Vile Gossip: 3 Laps of America, one crazy run at a time

Vile Gossip: 3 Laps of America, one crazy run at a time

May 15, 2018 Off By Gabby Abir

Jean Jennings has been writing about cars for more than 30 years, after stints as a taxicab driver and as a mechanic in the Chrysler Proving Grounds Impact Lab. She was a staff writer at Car and Driver magazine, the first executive editor and former president and editor-in-chief of Automobile Magazine, the founder of the blog Jean Knows Cars and former automotive correspondent for Good Morning America. She has lifetime awards from both the Motor Press Guild and the New England Motor Press Association. Look for more of Jean’s occasional Vile Gossip columns in the future.

Instead of celebrating last face down in a sombrero full of tequila-spiked OJ and a few lime wedges, 71 racing teams with one set of tires each and no support crews began Cinco De Mayo — and this year’s 35th running of the One Lap of America — by hitting the wet skid pad at Tire Rack’s headquarters in South Bend, Ind. There were Porsches, Vettes, Camaros and BMWs galore. There was a Miata, a vintage NSX, a Honda S2000 and even an old VW Rabbit. There were GTIs, the odd Evo and, oh yeah, six Toyotas, a couple of Vipers and a couple of GTRs.

When the skidding stopped, a 2011 BMW 1M emerged triumphant and led the pack out into the heartland, where it will spend 5,000 miles this week hitting road courses, dragstrips and time trials at tracks as far west as Denver, as south as Fort Worth and then New Orleans. From there, it will barrel north through Mississippi, Alabama, Nashville, Kentucky and back home again to Tire Rack in Indiana. Twenty events, eight venues, with a three-hour window for each event.

It’s a nonstop, no-sleep, one-week road trip comprising 150-ish friends and brothers, partiers and pro racing drivers, spouses and other family-member combo packs. Some will never speak to each other again, some might end up divorced, some might get married.

All of them are nuts.

I know this because I made three laps. Three laps I will never forget.

Jean Jennings and One Lap of America

LAP ONE: 1984
Vehicle: 1984 Dodge Van
Team #0: Jean Lindamood (Jennings), Walker Evans, Parnelli Jones

I was present for the inaugural 1984 One Lap of America because I worked at Car and Driver back then and so did Brock Yates. He was the guy who came up with the clandestine, illegal, unsanctioned Cannonball Baker Sea-to-Shining-Sea Memorial Trophy Dash from Connecticut to Redondo Beach, Calif. It ran five times in the 1970s, with Yates joining Dan Gurney in a Ferrari Daytona for the second run. They won, Gurney insisting that “at no time did we exceed 175 miles per hour.”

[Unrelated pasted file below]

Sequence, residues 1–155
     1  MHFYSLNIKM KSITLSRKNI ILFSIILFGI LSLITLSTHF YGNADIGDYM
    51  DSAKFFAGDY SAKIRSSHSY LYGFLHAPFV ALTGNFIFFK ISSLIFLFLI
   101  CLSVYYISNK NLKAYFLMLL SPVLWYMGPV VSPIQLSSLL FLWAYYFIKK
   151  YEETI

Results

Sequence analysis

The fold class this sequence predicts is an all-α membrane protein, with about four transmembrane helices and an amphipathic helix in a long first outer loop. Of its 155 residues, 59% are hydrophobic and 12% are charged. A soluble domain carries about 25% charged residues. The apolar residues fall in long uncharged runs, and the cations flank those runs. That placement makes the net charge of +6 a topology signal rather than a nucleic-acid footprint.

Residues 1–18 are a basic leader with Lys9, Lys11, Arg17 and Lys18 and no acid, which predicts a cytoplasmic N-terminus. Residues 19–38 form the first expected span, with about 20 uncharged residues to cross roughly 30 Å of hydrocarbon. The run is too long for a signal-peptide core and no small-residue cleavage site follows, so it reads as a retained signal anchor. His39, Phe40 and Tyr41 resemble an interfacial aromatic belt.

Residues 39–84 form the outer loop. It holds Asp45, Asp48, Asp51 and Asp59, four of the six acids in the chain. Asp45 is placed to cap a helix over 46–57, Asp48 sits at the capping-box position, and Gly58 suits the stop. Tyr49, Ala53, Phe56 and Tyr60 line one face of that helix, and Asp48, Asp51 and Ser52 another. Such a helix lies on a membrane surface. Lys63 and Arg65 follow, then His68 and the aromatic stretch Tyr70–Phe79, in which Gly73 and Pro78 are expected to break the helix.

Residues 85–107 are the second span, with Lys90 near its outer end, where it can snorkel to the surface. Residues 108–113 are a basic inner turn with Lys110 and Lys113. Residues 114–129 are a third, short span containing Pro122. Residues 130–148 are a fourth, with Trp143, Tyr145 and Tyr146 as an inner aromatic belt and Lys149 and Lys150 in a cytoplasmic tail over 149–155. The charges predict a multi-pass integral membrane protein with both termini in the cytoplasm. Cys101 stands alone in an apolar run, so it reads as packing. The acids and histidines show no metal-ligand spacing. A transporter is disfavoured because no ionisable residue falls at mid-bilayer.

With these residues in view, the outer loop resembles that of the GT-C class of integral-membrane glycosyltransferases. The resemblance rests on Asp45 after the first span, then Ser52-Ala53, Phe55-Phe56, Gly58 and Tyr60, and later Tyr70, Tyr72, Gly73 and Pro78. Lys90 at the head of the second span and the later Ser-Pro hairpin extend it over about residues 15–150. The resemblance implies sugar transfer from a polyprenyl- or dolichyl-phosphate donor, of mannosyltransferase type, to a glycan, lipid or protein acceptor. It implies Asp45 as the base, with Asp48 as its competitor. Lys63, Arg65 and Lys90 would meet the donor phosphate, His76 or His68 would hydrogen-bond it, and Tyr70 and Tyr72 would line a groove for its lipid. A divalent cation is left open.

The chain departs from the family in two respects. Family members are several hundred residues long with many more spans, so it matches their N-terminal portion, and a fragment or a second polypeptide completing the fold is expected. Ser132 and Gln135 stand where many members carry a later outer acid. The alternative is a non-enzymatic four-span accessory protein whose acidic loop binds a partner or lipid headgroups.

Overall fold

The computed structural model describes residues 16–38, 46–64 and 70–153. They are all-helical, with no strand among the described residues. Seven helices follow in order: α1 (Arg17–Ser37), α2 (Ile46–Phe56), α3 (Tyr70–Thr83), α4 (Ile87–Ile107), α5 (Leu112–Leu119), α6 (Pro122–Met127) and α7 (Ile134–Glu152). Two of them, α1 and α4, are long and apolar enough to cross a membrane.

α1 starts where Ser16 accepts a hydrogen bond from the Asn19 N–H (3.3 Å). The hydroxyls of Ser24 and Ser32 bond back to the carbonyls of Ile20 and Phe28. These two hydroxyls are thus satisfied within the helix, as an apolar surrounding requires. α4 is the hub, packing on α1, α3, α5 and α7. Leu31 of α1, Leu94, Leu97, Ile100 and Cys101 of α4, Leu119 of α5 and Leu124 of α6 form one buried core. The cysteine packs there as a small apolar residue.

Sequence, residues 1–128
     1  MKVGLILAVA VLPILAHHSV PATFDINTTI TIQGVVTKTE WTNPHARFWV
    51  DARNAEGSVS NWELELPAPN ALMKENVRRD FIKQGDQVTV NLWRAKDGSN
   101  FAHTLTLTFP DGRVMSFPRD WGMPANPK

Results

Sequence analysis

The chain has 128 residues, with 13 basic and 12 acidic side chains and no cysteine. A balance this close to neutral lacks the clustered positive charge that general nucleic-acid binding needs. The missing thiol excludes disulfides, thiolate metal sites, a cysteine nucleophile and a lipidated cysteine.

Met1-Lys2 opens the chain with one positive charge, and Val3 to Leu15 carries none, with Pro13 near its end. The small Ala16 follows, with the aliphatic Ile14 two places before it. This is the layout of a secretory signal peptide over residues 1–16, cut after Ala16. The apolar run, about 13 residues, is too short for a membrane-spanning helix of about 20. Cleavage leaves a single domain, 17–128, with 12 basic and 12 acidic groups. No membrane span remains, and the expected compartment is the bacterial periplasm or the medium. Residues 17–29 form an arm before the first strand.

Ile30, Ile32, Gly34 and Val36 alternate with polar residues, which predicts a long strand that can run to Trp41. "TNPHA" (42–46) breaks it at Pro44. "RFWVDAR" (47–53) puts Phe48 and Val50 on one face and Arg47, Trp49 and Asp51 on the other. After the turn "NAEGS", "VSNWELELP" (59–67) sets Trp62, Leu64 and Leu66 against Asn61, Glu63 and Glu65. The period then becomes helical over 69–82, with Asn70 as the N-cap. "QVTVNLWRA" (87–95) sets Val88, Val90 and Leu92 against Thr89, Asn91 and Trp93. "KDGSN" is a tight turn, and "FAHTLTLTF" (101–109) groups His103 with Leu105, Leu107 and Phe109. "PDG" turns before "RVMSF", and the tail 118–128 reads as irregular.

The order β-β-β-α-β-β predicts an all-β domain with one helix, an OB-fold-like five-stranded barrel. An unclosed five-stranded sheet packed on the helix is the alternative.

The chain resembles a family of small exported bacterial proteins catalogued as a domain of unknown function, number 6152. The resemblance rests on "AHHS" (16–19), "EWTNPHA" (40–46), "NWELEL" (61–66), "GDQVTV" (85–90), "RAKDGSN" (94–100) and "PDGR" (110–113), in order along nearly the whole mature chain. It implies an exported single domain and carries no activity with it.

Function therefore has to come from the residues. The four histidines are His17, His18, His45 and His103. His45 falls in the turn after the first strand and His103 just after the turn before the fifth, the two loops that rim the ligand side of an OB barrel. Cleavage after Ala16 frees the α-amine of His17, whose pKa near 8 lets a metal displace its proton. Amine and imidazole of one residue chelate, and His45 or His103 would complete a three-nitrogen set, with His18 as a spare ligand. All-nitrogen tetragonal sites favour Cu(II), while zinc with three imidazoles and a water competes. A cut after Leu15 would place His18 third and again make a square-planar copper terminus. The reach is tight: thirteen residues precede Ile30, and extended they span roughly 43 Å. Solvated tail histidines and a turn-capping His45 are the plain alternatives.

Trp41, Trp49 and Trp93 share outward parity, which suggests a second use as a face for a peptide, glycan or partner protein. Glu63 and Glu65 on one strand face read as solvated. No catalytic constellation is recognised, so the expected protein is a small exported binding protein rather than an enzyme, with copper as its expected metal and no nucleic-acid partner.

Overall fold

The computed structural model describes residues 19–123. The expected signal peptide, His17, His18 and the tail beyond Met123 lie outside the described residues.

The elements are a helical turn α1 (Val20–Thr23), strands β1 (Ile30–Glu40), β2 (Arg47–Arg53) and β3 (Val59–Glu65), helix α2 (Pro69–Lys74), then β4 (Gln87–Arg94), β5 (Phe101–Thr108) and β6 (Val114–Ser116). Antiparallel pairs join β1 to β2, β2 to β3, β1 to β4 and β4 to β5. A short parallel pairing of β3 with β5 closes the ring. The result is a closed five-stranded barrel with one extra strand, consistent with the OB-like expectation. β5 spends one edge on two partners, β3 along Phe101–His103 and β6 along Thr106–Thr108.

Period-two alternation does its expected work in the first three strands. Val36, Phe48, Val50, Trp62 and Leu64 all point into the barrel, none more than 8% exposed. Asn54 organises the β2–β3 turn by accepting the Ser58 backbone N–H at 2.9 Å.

One Lap was born of Cannonball nostalgia (read: Brock was bored), and I was beyond game for it. After securing a van from Dodge and two giant decals for the van sides, along with $5,000 in sponsorship from local Detroit Stroh’s Brewery, I coaxed my friend, nine-time Baja 1000 winner Walker Evans, into running One Lap by suggesting he didn’t have a hair on his ass if he refused. Then I suggested that if he didn’t get his best friend and longtime road trip buddy, Parnelli Jones, to go with us, I would actually have to drive the van, too. That took the tinkle out of him. Parnelli was game, and we agreed to meet at the starting ramp in Darien, Conn., where Yates had arranged for a couple of women in bikinis to wrestle in a kids’ swimming pool full of Jell-O. Did I say this was 1984? Right.

Walker split up the sponsorship cash into lots of little piles of Benjamins, then hid them all over the van, a habit he picked up from all his desert racing in Mexico. I had a cooler full of salad stuff and drinks that I packed behind the front captain’s chairs, part of extensive van modifications Prince Corporation and ASC had made for our comfort.

Parnelli and Walker had arrived at the start early so we’d be ready to lead off as Car #0. They weren’t finished outfitting the van.

“What are you holding?” I asked them.

“We figured we could use one of these for trash,” said Parnelli, showing me two small trash bins. “The other one we can put a liner in and you can pee in it so we won’t have to stop. We can tie up the bag and throw it out the window.”

We didn’t have cellphones back then, so no one could rescue me.

Yates recorded every entrant’s odo reading, He made us all sign waivers and promise not to exceed the national 55-mph speed limit, and then had the queen of the Supremes, Diana Ross, flag the event off. It was the only elegant moment of the week.

We hit a rhythm right away. Parnelli and Walker rode in the front, and I had my own captain’s chair and a side table in the back from which I made us lunch, read the maps and barked navigational orders, Like, “WHY ARE YOU GETTING OFF AT THIS EXIT?!?” The only time I rode in the front seat was for the night shift, when Parnelli would take the wheel and Walker would crawl into a bunk installed across the back of the van’s cargo area. They switched seats without stopping. Walker would stand up, Parnelli would slide in under him, and Walker would sidestep right and go to bed.